In the political lectures replete with claims of 'waves of development', essence can hardly be discovered. If anyone has any scope to question the claims vis-a-vis the actual state of the job market, investment, infrastructures, social equity, transparency and accountability, quality of education and so on, the incumbents are supposed to be embarrassed.
But they do not relent to prove whatever they say as true. ‘Banking sector passes a steady year’ reads the heading of a Bangladesh Sangbad Sangstha (BSS) story released on 1 January 2017.
What did the country’s banking sector facts of the year 2016 expose?
Sonali Bank’s UK operations were at stake due to corruption, a Feni gold trader withdrew Tk 1.51 billion from Rupali Bank without required documents and the year witnessed swelling of default loan to Tk 1 trillion. Forgery with ATM cards in February was a shock, followed by the world’s largest cyber heist of Bangladesh Bank’s $81 million.
Despite these developments, the BSS, a news agency which is run with taxpayers’ money, wrote that there was “no report of any big corruption.” Rather, in the year, the government took initiative to inject Tk 3.5 billion capital into Sonali Bank UK and another Tk 26 billion into the scam-hit BASIC Bank.
While pursuing journalism, a dilemma of the professionals is the constant struggle with "What is true?": It's not just about realities at the opposing ends, but more these days about organised campaign of make-believing a falsehood as truth.
It needs research to ascertain whether the Western world pioneered the process of guiding public opinion through rhetoric or whether the Afro-Asian politicians in the post-colonial era offered alternative models of propaganda for replication.
Whatever the case may be, the most visible dividend of creating false notions at the moment is "Donald Trump", two most wasted words even in the mainstream media that might have otherwise instilled confidence in those in the third world who see their own embodiment in his notorious approach.
The pattern of centre-periphery relation has also changed. Globalisation has presented the opportunity to import ideas of manipulating opinions, from countries, be it Bangladesh, to Trump, who received a felicitation message from Dhaka immediately after his election victory.
The Trump team used mainly the social media for its campaign to instigate anger among frustrated segments in the US politics; elsewhere it may be the very mainstream media that act to keep itself subservient to the political masters in quelling public opinion hostile to them.
Where a major portion of the media do not question what development is when democratic governance is missing or the stories of deaths in 'gunfights' when victims' families later say otherwise, the people cannot take "informed decisions" to act whatever way they feel right.
Such status quo encourages the incumbents and their sycophants to conclude that the people are bound to believe or at least remain confused about what they preach. What Western pundits call post-truth politics has already been extended to the economic arena in our context.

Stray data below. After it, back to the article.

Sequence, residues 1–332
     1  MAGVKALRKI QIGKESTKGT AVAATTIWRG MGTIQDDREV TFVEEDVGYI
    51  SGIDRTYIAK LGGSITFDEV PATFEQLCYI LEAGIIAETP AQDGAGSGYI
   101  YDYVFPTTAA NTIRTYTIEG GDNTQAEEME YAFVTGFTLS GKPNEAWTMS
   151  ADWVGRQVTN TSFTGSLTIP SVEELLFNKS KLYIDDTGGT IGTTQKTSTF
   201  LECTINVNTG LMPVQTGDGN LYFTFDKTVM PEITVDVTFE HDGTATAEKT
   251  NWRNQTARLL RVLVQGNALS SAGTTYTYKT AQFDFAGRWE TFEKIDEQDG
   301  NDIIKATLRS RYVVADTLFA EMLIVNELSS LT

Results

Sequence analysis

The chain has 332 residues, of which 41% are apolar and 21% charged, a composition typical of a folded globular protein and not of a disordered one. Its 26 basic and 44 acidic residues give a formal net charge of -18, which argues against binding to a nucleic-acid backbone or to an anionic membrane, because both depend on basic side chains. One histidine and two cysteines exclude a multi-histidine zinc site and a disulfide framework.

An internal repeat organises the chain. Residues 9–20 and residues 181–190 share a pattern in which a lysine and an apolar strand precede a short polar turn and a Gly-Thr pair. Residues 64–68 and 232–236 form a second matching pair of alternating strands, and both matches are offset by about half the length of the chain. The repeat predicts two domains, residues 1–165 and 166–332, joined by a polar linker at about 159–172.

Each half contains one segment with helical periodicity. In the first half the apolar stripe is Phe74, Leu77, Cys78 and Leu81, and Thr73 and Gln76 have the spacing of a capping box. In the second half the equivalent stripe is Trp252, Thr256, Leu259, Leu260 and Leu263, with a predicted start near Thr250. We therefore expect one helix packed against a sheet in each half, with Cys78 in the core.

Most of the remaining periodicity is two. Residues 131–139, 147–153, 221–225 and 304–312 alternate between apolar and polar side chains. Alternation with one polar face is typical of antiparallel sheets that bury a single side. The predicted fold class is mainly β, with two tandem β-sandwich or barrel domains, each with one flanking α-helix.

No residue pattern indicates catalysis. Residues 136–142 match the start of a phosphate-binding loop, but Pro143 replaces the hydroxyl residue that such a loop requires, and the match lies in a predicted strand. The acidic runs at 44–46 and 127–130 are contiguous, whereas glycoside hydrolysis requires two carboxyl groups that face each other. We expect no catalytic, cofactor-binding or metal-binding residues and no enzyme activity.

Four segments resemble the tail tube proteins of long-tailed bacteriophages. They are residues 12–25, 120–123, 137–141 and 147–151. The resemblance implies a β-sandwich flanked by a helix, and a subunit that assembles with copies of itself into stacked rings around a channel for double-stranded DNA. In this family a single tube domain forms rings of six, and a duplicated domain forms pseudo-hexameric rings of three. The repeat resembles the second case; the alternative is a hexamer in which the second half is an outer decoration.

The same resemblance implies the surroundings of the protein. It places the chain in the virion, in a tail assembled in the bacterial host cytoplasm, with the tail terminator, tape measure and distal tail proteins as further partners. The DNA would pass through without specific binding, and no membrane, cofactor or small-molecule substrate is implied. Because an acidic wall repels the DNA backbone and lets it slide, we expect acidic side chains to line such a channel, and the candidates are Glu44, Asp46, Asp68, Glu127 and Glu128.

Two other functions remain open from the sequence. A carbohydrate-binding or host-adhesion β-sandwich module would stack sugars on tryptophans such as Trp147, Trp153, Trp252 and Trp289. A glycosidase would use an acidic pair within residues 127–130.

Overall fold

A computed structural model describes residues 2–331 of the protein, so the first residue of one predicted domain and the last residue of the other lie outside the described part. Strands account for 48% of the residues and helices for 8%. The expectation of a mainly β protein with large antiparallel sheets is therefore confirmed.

We have no dearth of schemes. One of them is aimed ostensibly at bringing down Bangladesh’s position in the World Bank’s doing business ranking below 100 from 176 by 2019-2020.
Why by that time? It will be the year when a new government is expected to take office. The electorates should be offered some ‘carrots’ through the manifesto.
How will it be done? The cabinet secretary said they planned programmes to implement 10 sub-matrix of ‘ease of doing business’ to create investment-friendly environment.
Does it not sound too technical when you are not focussing on the country situation and governance that created barriers to business or lack of confidence? Certainly the issues are not so complicated, if you admit realities.
If the cabinet secretary can guarantee that there will be no corruption, the WB’s sub-indices such as construction permits, getting electricity, registering property and paying taxes are no longer any problem in ranking. If investors are well protected from extortion, the country’s position improves overnight.
However, all these schemes of development look like political advertisements to justify the rulers’ clinging to power. Advertisements do not attain the credibility that serious journalistic reports do, but they leave more impacts on the consumers’ minds at least for a certain period of time. Many are scared of the man of advertisement, Donald Trump.
Wall Street Journal will not call Trump’s lies as “lies”, its editor-in-chief Gerard Baker reportedly said. His argument is that doing so would ascribe a “moral intent” to the statements, a position with which the New York Times effectively differed, using lies to describe “Trump’s rampant abuse of facts”. Unfortunately, Hillary Clinton’s fact-checking approach failed to outsmart his ‘falsehood’.
Given the global trends, some in the media may fear, repeated use of the word ‘lie’ involves the risk of developing immunity about its sensitivity.
This does not, however, end the journalists’ responsibility to people and history to report the disturbing truth fearing backlash from those who hate free media. Truth is always a better option.
*Khawaza Main Uddin is Head of Prothom Alo English (Content). He can be contacted at firstname.lastname@example.org.